4th Dec 2018 John Bransby Victorian terraces are common in many inner suburbs of Sydney such as Paddington, North Sydney and Balmain. Originally they had cast iron lace balustrades around 800 to 900mm height. These days the building code (BCA) requires 1.0M minimum height for balustrades, so using replicas of the original casting to replace damaged or badly corroded original work can be problematic. We have developed systems to deal with this but one often overlooked aspect is compliance with Australian Standard 1170.1 The standard requires amongst other things, that a balustrade is able to withstand certain loadings or forces to be safe. Imagine if a group of people were having a party on the balcony and at some point a number of people were leaning on the balustrade. As has happened many times, the balustrade fails and people can be badly injured or killed if the fall was from a height. This is especially important on shared house rental properties where there is less awareness of the risk by tenants and the owners may have no knowledge of how a balcony is being used. From our observation, many off the shelf balustrade systems are not tested and are not compliant with the Australian Standard in regard to their ability to withstand loads. For this reason, we only use engineer certified balustrade systems and recommend clients make sure anyone quoting on new work provides that certification. Not only must the balustrade itself be compliant but it must be fixed to the walls or columns securely enough to withstand the code’s load requirements. Old terrace walls are notorious for being weak and crumbling, so in many cases, the standard brackets and fixings have no chance of being strong enough. It’s just another reason why we insist on only quoting from specified drawings. Many of our competitors seem to have no awareness of the need to comply with both the BCA and Australian Standard 1170.1 when doing cast lace balustrades on Victorian terraces. If comparing quotes, make sure certification and compliance is guaranteed.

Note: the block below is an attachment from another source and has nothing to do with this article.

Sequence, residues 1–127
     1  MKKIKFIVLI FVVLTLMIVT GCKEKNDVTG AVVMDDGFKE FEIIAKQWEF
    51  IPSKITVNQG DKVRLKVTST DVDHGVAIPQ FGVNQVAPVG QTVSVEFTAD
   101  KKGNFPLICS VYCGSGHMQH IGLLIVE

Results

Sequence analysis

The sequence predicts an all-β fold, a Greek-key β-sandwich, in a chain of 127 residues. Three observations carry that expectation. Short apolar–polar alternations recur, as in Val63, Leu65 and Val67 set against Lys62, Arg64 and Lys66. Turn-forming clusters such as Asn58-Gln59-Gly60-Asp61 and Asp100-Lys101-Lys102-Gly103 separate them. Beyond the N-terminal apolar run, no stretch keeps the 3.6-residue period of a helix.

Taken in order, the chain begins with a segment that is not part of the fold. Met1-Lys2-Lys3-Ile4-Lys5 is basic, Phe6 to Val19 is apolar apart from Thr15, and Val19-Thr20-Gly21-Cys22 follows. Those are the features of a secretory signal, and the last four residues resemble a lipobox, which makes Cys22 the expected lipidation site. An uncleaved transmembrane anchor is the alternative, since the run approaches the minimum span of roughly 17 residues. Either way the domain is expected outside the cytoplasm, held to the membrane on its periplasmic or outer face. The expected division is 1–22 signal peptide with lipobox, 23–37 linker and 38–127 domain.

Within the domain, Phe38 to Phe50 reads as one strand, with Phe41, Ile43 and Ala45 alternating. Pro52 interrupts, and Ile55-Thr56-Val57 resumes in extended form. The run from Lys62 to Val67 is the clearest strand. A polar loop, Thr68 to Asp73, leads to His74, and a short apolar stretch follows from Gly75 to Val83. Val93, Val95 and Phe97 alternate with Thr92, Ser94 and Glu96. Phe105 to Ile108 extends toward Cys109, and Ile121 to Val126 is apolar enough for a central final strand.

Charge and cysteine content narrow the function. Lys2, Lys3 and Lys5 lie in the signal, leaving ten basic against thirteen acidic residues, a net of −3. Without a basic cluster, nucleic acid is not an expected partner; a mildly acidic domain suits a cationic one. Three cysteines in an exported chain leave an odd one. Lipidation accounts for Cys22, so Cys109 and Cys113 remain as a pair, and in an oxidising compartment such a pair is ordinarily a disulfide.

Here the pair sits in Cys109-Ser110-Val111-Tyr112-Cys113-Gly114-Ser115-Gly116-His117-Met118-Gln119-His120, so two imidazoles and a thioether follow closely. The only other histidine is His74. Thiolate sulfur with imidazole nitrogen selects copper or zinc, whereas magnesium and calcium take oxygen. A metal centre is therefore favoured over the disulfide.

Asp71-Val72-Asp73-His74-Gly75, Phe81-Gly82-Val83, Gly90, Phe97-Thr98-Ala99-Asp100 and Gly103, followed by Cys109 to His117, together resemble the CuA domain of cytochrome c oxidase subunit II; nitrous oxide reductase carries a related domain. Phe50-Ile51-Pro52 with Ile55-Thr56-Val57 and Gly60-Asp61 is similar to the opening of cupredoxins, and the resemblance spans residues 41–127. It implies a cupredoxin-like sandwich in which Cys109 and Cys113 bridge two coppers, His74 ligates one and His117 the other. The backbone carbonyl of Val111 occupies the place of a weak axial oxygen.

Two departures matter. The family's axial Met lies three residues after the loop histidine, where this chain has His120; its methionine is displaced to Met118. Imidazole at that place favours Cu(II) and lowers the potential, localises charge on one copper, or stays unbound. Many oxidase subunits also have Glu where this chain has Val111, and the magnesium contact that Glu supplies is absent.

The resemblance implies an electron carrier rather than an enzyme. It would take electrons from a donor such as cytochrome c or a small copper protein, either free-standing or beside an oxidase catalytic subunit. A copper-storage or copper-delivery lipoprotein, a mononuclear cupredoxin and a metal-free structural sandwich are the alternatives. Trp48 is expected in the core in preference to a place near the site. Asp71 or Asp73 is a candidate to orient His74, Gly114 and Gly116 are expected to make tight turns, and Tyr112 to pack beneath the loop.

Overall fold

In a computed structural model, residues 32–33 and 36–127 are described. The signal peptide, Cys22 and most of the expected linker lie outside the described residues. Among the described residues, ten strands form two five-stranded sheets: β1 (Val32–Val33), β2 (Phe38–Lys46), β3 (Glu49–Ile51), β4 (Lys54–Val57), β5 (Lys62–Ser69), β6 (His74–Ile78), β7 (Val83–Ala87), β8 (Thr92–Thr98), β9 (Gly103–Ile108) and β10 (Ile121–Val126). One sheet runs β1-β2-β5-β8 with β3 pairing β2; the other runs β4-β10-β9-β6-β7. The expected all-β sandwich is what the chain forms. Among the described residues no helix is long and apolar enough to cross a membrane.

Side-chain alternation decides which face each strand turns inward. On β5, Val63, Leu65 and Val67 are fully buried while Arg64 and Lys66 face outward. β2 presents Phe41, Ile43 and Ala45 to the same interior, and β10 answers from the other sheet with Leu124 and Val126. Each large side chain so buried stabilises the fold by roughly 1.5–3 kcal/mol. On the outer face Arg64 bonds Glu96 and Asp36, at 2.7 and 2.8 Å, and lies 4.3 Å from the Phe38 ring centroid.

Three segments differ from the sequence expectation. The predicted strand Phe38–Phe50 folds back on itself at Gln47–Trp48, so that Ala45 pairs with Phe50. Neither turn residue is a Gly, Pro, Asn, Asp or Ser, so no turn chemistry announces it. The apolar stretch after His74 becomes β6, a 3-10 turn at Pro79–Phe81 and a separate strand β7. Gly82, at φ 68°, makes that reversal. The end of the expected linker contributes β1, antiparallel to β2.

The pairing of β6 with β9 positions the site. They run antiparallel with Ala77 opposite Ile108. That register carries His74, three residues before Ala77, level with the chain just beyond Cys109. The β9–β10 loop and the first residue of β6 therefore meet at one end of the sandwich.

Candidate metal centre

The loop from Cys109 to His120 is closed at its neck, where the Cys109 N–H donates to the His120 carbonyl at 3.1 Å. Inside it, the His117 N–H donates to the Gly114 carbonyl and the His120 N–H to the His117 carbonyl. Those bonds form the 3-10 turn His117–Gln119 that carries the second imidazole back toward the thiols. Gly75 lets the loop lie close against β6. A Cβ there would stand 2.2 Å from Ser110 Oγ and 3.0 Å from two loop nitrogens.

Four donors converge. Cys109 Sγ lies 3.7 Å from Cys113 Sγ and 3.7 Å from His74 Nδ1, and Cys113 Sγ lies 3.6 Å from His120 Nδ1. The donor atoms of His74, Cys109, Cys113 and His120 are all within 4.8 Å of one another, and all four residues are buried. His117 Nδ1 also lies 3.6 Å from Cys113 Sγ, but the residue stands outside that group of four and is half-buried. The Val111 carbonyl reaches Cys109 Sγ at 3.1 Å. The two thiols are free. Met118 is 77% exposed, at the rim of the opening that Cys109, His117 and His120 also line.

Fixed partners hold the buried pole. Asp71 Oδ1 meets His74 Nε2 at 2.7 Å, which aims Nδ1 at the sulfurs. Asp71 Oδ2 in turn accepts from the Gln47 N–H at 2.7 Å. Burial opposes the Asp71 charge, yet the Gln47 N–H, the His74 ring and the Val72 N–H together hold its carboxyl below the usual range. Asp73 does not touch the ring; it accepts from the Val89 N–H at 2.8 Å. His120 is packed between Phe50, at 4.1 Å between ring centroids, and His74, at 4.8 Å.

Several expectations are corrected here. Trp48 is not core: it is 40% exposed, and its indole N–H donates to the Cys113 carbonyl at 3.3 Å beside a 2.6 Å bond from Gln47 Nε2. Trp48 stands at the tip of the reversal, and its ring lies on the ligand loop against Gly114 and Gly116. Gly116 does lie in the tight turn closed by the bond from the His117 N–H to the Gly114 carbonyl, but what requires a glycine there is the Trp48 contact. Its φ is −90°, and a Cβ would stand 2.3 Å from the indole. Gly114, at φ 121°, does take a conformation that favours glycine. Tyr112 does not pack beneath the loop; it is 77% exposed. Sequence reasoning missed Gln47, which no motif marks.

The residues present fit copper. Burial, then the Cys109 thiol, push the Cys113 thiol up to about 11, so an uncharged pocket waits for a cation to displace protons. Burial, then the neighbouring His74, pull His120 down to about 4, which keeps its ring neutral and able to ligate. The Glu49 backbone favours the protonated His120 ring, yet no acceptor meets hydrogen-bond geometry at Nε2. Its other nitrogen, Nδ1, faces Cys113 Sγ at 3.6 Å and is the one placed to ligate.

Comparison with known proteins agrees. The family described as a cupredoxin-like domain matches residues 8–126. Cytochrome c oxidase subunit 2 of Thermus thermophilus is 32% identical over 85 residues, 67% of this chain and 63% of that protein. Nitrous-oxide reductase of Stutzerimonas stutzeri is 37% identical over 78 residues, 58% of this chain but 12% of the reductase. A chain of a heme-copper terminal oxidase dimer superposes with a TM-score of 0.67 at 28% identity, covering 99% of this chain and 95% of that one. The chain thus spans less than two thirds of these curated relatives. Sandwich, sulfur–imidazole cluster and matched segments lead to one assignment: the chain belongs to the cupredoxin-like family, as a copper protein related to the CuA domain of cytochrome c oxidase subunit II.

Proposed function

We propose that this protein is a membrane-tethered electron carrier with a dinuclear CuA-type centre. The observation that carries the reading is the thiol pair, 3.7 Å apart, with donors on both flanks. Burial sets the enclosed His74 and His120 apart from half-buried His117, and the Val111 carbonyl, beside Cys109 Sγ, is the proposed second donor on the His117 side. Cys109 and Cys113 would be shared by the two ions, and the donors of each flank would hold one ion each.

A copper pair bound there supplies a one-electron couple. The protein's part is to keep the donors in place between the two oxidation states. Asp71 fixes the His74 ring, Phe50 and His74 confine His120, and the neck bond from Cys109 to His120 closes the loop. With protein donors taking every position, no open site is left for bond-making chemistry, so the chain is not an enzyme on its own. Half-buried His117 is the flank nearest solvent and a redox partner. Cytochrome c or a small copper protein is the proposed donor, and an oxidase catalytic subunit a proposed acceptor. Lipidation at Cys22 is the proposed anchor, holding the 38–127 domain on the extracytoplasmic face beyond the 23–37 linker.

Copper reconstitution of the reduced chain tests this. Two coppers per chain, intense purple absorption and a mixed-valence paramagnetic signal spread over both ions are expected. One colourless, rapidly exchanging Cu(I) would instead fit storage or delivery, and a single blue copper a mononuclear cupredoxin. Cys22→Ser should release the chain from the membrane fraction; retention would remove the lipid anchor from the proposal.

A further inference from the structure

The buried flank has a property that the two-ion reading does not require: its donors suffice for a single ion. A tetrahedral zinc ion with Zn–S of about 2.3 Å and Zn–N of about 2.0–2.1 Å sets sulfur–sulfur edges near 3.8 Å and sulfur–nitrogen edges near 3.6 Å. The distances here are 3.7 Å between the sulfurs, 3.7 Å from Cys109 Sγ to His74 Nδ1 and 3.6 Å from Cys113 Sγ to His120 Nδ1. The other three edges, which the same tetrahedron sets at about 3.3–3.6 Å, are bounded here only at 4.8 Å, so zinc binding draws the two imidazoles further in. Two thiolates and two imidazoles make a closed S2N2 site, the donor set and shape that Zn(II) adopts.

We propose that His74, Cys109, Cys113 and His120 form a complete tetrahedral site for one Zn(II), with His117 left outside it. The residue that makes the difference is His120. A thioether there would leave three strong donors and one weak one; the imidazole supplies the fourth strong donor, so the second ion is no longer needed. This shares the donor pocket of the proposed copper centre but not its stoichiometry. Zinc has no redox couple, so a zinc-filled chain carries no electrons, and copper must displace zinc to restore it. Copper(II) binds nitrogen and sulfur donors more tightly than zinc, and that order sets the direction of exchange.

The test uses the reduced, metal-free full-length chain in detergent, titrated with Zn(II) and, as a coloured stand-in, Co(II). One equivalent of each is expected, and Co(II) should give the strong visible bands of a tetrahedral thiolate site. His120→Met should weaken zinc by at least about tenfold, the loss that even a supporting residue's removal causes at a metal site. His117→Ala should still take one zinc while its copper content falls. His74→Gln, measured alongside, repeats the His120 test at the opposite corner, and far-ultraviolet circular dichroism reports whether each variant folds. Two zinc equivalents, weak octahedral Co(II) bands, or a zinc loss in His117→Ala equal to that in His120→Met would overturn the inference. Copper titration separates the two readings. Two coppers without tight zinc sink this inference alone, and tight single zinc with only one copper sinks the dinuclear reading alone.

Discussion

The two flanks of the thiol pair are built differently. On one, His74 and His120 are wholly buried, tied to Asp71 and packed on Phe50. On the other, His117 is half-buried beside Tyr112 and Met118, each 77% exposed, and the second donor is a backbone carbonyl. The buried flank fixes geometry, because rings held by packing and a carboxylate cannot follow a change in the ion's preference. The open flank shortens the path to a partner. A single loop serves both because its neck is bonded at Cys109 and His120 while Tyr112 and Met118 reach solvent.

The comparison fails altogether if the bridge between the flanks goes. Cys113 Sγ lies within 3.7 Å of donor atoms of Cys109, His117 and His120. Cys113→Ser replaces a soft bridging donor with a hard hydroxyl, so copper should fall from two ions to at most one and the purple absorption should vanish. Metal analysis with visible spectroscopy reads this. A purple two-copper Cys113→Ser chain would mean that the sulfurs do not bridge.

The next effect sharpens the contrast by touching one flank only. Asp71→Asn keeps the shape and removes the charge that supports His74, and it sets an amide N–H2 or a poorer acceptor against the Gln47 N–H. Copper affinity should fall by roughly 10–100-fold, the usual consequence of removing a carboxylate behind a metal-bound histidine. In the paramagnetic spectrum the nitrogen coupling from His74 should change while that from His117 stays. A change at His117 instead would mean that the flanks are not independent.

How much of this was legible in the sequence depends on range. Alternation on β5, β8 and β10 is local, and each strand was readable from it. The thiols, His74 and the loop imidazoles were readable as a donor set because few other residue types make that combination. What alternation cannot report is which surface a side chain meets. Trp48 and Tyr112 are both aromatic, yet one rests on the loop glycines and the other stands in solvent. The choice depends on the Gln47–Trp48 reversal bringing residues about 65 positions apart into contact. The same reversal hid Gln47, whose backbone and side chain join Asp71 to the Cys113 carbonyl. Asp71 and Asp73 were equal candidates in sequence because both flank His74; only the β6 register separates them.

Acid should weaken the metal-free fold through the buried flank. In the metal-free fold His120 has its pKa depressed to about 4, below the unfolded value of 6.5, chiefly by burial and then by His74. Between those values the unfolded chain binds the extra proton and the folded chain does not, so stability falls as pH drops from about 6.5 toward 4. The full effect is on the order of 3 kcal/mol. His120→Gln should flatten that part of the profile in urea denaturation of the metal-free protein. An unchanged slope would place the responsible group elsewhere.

Adding value to your home with superb quality architectural metalwork handcrafted by JB Wrought Iron in Sydney, New South Wales
© 2017 John Bransby Wrought Iron | Wrought Iron Services Sydney | Wrought Iron & Stainless Steel Balustrades, Railings, Handrails | Sydney Wrought Iron Security Doors | Crimsteel Security Doors | Wrought Iron & Stainless Steel Doors and Fences, Driveway Gates, Pedestrian Gates, Garden Gates Sydney | Heritage Restoration Work Sydney | Stainless Steel Work Sydney | Design & Project Management, Sydney, NSW
The word ’wrought’ is an archaic past tense form of the verb ‘to work’. As language changed, the word wrought was substituted for the word work. Wrought iron simply means ‘worked iron’.... and it’s beautiful!
Bespoke Architectural Metalwork
PH: 04 8181 5530   Bondi Junction, NSW 2022 | Lane Cove North, NSW 2066 | NSW Contractor Licence 300497C
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PH: 04 8181 5530  Bondi Junction, NSW 2022 | Lane Cove North, NSW 2066 | NSW Contractor Licence 300497C